Try as it might, AT&T
Glenn Lurie, head of Ma Bell's emerging-devices group, told investors at a conference in Barcelona that the company is negotiating to carry Windows smartphones built by Nokia
Translation: We like Windows, but we know where our bread gets buttered.
No device has added more flavor to AT&T's recent results than the iPhone. Ma Bell has activated more than 6 million Apple handsets over the past two quarters alone.
Android has also had an impact. Google's
Say what you will about Android or new handsets from Research In Motion
What a Windows Phone means
Lurie wasn't and isn't knocking Windows. He's just admitting what we already know. As good as the new Mango OS looks -- and as good as Windows 8 might be -- developers have already committed huge resources to Android and iOS.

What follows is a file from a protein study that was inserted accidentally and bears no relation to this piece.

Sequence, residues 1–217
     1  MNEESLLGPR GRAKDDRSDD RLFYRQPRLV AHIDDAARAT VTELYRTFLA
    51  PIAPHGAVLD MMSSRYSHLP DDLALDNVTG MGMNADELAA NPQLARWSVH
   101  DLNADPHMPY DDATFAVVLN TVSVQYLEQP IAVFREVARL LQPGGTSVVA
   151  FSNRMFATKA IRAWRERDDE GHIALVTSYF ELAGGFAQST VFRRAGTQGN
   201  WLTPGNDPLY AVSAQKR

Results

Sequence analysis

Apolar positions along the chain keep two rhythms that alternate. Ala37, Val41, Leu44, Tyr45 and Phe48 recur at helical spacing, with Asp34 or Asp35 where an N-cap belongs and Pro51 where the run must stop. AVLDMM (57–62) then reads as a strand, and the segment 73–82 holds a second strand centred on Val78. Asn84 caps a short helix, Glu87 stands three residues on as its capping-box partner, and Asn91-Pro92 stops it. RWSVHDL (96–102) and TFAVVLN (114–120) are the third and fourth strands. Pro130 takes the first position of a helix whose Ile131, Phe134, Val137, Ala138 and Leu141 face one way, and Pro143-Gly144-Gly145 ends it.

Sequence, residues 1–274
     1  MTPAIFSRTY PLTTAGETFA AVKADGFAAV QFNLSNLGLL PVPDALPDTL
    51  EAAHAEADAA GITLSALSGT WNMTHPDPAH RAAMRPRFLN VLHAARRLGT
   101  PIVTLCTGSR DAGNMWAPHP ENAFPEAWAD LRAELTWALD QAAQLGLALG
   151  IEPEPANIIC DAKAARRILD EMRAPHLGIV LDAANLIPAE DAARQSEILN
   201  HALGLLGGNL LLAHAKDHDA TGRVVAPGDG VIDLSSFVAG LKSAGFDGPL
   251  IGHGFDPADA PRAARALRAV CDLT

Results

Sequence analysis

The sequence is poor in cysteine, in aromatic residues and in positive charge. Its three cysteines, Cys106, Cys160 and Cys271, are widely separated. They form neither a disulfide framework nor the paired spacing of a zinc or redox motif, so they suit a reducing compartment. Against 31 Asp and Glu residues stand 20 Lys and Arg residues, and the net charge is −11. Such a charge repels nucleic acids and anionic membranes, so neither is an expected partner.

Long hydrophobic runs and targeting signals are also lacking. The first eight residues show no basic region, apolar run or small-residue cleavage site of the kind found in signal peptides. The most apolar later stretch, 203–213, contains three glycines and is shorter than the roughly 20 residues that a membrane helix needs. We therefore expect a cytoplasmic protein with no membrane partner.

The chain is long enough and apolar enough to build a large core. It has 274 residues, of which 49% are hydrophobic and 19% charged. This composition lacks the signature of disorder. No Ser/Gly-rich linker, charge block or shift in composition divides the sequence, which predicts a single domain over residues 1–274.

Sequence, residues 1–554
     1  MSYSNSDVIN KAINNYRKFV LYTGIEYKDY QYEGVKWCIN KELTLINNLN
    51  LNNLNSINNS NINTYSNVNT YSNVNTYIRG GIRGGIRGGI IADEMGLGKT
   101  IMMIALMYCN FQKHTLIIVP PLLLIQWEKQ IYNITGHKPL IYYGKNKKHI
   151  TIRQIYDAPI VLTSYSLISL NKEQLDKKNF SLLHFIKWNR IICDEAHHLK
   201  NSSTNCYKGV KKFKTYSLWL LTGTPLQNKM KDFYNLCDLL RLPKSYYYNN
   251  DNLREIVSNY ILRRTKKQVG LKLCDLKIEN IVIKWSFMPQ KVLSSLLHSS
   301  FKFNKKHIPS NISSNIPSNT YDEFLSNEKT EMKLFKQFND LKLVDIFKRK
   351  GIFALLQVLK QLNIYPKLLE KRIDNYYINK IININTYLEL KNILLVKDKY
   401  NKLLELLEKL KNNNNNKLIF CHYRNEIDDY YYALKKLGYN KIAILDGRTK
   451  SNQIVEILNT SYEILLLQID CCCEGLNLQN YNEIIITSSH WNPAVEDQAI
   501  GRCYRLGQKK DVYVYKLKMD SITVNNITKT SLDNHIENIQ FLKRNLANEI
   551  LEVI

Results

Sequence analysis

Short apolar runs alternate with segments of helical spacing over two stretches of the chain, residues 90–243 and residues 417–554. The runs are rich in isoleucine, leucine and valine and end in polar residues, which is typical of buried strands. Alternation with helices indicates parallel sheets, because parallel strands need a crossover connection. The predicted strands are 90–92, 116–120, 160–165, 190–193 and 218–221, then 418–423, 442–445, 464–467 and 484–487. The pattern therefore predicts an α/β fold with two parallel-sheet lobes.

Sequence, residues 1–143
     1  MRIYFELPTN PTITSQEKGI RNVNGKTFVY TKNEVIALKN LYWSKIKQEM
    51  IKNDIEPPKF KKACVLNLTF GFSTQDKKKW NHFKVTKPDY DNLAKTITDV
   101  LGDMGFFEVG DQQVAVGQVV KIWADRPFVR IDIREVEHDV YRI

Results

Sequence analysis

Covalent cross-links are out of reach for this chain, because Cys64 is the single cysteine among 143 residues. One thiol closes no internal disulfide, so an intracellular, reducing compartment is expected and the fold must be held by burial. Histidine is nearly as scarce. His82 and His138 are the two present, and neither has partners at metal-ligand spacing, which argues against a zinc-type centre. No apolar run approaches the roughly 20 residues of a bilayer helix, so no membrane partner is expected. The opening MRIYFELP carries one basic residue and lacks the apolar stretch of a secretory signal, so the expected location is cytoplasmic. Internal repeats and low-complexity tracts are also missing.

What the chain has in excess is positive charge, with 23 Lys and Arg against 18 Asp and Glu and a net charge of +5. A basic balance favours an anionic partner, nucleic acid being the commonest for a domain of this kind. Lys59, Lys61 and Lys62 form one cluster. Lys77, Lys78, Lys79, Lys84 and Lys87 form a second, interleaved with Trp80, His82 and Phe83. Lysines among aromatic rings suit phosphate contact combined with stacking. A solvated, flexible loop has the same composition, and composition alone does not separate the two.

AT&T knows this, and like any other carrier, it's going to put the most resources behind handsets built to sell. Will Nokia's Windows handsets fit the profile? Lurie, like the rest of us, is admitting that he doesn't know. Whatever deal Nokia and AT&T come to will reflect this variability, and as a result the terms will come well short of what Ma Bell pays for distributing the iPhone. So while there's going to be plenty of money to be made on the smartphone revolution, betting on Microsoft and Nokia probably isn't the way forward. Both stocks have proved to be market laggards year to date.
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